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Kochi LNG project in a limbo again

G.K. Nair

There are chances that the terminal will be shifted to Kayamkulam where the NTPC has its power plant, which would be expanded to 2,300 MW using LNG in the next Plan.

Kochi , July 15

THE proposed 2.5 million tonne LNG terminal, to be set up by the Petronet LNG Ltd (PLL), here is likely to be delayed despite an assurance from the Union Power Minister recently that the terminal would be an "Onam Gift" to Kerala and the PLL CMD's statement that his company would go ahead with the terminal.

In a letter to Mr Chandran Pillai, CITU leader and M P (Rajya Sabha), the Union Petroleum Minister has said that the terminal would come up if the PLL tender becomes acceptable to the NTPC or there were other users to absorb 60 per cent of the capacity of the terminal.

"As LNG projects have strict `Take or Pay' Clause, PLL will take steps to execute the project if either their bid is accepted by NTPC or alternative marketing tie-ups for atleasst 60 per cent of the proposed terminal capacity is achieved," the letter said.

"The Minister's response will adversely affect the future of the proposed terminal," Mr Pillai told Business Line from Delhi. He said that the Union Government should initiate steps to make the NTPC the anchor customer of the terminal.

According to him, there are chances that the terminal would be shifted to Kayamkulam where the NTPC has its power plant, which would be expanded to 2,300 MW using LNG in the next Plan from the present naphtha-fuelled 350 MW.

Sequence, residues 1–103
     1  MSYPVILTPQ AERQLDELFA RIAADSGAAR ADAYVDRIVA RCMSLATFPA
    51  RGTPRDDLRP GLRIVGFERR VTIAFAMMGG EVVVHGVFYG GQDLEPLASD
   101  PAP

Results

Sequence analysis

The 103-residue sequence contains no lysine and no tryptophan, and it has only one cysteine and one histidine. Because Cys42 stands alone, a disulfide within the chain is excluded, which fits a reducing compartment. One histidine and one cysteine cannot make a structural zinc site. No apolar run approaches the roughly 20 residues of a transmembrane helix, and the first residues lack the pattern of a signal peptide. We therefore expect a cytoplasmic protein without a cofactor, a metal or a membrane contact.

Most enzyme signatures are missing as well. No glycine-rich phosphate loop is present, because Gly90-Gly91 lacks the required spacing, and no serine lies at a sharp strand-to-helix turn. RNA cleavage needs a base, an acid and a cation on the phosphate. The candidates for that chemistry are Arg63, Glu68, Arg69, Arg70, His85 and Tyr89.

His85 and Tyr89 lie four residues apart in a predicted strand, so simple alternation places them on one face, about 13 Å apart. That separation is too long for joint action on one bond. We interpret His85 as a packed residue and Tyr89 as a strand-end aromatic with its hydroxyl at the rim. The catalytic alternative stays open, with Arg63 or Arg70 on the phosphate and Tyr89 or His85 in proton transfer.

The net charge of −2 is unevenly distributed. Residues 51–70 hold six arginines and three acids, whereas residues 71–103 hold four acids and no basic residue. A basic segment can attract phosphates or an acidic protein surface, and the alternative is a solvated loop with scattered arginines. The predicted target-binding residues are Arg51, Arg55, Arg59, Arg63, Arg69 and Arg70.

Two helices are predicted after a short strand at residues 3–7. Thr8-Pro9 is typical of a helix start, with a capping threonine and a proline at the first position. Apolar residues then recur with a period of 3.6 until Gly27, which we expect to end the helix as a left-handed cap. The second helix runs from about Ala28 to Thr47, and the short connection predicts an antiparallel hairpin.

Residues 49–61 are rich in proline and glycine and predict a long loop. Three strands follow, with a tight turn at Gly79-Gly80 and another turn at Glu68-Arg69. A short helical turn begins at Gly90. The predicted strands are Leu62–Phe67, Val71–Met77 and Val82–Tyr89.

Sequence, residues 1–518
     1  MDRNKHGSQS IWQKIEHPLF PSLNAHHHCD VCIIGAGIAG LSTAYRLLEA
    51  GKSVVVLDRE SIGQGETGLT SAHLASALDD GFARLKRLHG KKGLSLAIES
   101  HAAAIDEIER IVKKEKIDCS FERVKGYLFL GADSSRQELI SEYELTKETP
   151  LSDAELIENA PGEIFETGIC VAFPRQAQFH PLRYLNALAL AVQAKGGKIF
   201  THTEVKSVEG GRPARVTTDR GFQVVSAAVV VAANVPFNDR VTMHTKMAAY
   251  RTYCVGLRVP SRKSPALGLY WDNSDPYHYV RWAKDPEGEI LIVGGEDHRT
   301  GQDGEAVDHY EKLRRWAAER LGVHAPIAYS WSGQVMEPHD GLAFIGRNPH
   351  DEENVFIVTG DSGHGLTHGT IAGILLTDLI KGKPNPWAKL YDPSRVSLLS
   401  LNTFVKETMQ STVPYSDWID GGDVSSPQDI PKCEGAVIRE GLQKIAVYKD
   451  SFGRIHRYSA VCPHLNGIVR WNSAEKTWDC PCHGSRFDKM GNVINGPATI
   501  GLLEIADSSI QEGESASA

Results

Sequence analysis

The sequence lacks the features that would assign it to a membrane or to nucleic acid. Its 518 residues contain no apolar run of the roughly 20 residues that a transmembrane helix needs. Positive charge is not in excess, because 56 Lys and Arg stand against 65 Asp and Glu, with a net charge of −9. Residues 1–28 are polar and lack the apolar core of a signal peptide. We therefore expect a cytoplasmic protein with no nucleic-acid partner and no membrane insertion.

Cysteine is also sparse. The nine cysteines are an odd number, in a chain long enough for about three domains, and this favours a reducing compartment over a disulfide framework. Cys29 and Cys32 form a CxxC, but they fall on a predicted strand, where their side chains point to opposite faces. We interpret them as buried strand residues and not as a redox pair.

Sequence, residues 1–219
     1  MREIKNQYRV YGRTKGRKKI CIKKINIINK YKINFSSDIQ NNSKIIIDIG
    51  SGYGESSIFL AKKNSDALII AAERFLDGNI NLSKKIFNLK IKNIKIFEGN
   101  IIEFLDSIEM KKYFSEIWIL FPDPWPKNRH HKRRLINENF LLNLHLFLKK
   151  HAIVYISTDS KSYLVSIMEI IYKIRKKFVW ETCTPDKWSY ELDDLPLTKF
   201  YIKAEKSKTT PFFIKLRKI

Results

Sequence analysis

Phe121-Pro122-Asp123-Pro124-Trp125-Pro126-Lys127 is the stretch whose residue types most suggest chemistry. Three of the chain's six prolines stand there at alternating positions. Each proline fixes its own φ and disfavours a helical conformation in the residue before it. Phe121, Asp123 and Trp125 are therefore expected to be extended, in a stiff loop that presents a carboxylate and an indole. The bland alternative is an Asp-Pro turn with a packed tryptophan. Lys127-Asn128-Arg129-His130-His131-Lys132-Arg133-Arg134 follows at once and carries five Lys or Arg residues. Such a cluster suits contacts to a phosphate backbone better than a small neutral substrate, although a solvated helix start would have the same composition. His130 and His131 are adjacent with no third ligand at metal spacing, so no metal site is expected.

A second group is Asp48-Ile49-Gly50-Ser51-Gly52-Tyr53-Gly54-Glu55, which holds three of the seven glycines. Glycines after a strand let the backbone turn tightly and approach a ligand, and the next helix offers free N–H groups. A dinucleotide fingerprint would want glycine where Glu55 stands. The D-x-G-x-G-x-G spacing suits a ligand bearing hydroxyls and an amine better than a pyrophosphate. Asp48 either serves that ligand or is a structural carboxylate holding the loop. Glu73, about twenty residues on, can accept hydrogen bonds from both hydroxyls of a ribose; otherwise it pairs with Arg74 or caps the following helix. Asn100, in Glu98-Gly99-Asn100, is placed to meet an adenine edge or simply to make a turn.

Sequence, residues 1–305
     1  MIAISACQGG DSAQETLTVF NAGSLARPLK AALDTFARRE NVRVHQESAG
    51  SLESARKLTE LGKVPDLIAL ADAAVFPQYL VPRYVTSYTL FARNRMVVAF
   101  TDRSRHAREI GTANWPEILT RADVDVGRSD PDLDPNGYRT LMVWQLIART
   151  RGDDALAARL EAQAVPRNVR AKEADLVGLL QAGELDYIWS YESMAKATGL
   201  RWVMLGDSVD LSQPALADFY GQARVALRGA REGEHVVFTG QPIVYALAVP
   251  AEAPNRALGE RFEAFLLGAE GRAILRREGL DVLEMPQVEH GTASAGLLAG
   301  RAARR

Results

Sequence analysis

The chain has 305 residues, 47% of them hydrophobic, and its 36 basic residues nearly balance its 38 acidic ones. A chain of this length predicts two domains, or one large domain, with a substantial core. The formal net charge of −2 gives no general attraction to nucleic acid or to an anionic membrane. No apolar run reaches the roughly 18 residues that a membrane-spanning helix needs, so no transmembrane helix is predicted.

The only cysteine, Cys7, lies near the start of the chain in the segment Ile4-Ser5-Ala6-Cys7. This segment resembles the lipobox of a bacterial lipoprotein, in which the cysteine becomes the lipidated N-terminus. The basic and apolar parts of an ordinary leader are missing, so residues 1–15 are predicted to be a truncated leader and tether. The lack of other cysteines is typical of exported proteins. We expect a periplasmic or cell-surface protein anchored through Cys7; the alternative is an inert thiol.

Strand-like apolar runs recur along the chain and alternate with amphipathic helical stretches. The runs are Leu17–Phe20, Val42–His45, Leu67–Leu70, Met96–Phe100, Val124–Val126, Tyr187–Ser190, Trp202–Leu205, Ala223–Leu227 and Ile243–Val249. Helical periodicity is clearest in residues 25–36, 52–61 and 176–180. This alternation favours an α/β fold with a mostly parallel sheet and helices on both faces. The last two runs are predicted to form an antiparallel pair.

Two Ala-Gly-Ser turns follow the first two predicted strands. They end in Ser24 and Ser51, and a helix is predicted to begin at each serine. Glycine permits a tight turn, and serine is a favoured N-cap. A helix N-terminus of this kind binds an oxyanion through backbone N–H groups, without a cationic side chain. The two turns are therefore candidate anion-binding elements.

Since an international container transhipment terminal is expected to come up in Kochi soon, locating the LNG terminal here at a faster pace would be in the interest of the industry in the State, he claimed.

Surprisingly, he said, GAIL, which is a stakeholder in PLL had also participated in the tender for supply of gas to NTPC.

The Union Government approved the formation of PLL in Jul 1997 with equity participation of ONGC, IOC, BPCL, GAIL, LNG supplier, strategic partner and public with an authorised capital of Rs 1,200 crore. The company was incorporated on April 2, 1998.

Meanwhile, Mr S.C. Mathur, Managing Director, PLL, told Business Line last week, "We will go ahead with the project and we need only a 60 per cent tie-up of our capacity".

GAIL and the Kerala State Industrial Development Corporation together are already on the job to identify the assured market.

The NTPC has already shortlisted eight firms, including PLL and GAIL for supply of LNG, out of 18 bidders. The corporation is understood to be looking for the lowest price offer, through bidding process and, hence, cannot make a commitment to PLL, official sources said.

Thus, in the absence of a commitment from the NTPC or a 60 per cent assured market, the PLL might not be able to go ahead with the proposed terminal, they said.

Hence, according to Mr Chandran Pillai, now the future of the Kochi terminal lies in the hands of both these Ministries and unless they jointly decide to go ahead with this project it is unlikely to be translated in to a reality in the near future.

More Stories on : Infrastructure | Shipping | Power | Kerala

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